11 March 2005 – LAWFUEL – The Law News Network – A Pico Rivera man has been found guilty on various charges related to a loan fraud
scheme in which he and others submitted fraudulent loan applications for mortgages that were insured by the Federal Housing Administration. As a result, mortgages were issued to unqualified and “straw” purchasers, which led to numerous foreclosures and the issuance of more than $5 million in fraudulent loans.
Following a four-week trial, Frank Acosta, 38, was convicted Thursday afternoon of
a total of 25 counts. After deliberating for less than one day, the jury found
Acosta guilty of conspiracy, 13 counts of making false statements to Department of
Housing and Urban Development (FHA’s parent agency), seven counts of wire fraud and
four counts of money laundering. Yesterday’s convictions follow a trial last fall
that resulted in a mistrial when a jury was unable to reach unanimous verdicts.
Acosta’s wife, Elizabeth Madrigal, 31, also of Pico Rivera, pleaded guilty in 2003
to conspiracy, wire fraud and money laundering charges.
The evidence at trial showed that Acosta purchased residential properties that
qualified for resale using home mortgages insured by the FHA. Acosta recruited and
had others recruit non-qualified buyers and straw buyers to act as the purchasers
of the properties. Acosta and his co-conspirators prepared mortgage loan
applications that contained false employment, income, down payment and credit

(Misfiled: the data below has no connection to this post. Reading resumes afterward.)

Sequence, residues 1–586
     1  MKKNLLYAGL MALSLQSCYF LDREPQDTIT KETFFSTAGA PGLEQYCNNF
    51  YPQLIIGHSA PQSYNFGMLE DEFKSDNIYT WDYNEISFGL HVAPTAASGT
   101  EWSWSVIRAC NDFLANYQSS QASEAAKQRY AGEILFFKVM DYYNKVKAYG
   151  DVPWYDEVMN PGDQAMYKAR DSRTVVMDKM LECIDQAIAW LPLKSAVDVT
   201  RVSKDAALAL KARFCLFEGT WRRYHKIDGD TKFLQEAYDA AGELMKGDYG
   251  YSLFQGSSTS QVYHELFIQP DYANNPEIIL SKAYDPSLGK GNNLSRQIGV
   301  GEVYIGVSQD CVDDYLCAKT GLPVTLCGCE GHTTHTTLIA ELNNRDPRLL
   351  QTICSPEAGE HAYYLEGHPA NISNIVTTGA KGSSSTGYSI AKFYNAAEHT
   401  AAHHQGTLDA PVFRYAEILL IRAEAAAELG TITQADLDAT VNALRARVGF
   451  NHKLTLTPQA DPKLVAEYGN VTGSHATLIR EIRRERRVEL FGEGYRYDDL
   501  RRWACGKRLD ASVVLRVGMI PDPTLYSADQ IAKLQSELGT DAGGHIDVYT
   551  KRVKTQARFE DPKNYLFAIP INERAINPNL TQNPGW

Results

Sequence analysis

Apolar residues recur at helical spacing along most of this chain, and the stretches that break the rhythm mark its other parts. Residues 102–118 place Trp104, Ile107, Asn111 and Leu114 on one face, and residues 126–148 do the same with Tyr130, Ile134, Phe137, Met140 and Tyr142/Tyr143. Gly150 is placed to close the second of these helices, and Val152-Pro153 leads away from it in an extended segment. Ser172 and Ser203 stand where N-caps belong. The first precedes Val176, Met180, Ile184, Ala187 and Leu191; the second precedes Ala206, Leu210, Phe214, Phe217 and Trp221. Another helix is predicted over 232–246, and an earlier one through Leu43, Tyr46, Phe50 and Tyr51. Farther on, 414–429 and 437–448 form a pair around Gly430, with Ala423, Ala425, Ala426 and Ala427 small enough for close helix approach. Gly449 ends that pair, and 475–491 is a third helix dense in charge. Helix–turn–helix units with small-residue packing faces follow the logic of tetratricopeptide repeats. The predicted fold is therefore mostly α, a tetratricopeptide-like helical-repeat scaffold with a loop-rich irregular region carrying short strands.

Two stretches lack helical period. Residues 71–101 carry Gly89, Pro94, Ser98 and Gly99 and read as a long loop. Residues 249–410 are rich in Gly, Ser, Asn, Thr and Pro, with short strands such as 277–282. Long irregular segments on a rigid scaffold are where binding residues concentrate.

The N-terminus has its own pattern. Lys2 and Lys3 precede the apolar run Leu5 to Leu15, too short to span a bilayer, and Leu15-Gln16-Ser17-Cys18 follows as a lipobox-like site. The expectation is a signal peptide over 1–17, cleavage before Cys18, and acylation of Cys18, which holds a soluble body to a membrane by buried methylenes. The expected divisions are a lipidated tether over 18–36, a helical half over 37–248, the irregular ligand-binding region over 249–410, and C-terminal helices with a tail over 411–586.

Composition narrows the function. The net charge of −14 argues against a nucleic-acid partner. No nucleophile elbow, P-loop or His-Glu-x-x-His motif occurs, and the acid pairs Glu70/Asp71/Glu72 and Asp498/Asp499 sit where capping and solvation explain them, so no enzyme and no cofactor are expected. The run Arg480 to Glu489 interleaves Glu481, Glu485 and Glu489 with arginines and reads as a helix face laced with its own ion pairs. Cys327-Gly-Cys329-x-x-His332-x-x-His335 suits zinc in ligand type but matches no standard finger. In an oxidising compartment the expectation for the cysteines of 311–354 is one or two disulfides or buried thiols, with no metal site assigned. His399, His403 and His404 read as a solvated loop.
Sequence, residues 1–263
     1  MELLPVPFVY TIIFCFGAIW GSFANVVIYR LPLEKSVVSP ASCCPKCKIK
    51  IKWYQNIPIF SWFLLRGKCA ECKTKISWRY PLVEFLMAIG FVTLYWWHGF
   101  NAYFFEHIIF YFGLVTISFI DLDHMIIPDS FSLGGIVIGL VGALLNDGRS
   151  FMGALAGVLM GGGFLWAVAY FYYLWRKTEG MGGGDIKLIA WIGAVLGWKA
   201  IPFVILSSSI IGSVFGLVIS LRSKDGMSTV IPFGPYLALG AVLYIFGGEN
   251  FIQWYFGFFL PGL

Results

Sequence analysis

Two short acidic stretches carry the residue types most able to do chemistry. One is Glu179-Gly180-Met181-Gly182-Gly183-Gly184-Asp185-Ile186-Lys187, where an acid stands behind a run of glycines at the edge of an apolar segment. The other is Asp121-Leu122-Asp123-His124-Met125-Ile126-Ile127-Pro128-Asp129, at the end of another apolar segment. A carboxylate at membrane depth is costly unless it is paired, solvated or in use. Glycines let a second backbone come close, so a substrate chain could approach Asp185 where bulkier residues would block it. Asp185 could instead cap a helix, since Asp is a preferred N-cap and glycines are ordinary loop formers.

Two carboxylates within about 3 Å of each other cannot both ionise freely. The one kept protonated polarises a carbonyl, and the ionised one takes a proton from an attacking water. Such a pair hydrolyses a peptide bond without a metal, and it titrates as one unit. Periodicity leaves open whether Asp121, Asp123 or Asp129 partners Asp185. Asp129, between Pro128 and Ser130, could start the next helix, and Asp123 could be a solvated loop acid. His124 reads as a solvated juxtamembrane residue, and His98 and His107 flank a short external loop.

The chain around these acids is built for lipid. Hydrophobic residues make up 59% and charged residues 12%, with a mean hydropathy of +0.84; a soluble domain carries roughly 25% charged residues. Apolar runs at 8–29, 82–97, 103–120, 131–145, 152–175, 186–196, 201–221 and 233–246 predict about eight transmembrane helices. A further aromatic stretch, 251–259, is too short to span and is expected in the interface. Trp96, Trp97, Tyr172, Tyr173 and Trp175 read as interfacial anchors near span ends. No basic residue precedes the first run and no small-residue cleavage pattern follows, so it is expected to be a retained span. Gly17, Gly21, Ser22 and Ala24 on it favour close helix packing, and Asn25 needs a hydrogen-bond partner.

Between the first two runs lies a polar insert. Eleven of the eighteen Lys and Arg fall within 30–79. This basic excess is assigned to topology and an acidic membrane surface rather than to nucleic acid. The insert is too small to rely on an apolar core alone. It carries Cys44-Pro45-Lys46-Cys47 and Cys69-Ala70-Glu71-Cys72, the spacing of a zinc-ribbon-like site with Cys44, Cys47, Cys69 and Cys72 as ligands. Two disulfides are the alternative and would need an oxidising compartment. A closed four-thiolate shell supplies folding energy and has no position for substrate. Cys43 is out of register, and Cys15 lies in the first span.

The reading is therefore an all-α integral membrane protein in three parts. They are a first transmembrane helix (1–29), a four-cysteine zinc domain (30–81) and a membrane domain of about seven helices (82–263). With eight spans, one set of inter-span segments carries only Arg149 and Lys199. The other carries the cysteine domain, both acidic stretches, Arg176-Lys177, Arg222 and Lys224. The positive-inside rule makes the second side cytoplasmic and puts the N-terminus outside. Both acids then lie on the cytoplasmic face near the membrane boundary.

information for the buyers.
To qualify for an FHA-insured home mortgage loan, the FHA requires that the
borrower have sufficient income to cover the mortgage payment, current employment,
an acceptable credit history and sufficient assets to cover the down payment for
the property. Acosta’s co-conspirators prepared fraudulent loan applications for
people who could not qualify for FHA-backed loans, knowing that the banks and HUD
would rely on the false information to determine whether to fund and insure the
Acosta enlisted mortgage brokers to fraudulently package each loan. The mortgage
brokers sometimes placed additional false statements in the applications, including
false verifications of cash-on-hand and false certifications of face-to-face
interviews with the straw buyers.
Acosta is scheduled to be sentenced by United States District Judge Dickran
Tevrizian on June 13. As a result of the guilty verdicts, Acosta faces a maximum
statutory sentence of five years in prison for the conspiracy and false statement
counts, and up to 20 years in prison for the wire fraud and money laundering
Madrigal was sentenced by Judge Tevrizian last year to 40 months in prison.
This case is a product of a joint investigation by the Office of Inspector General
of the United States Department of Housing and Urban Development, IRS-Criminal
Investigation Division and the Federal Bureau of Investigation.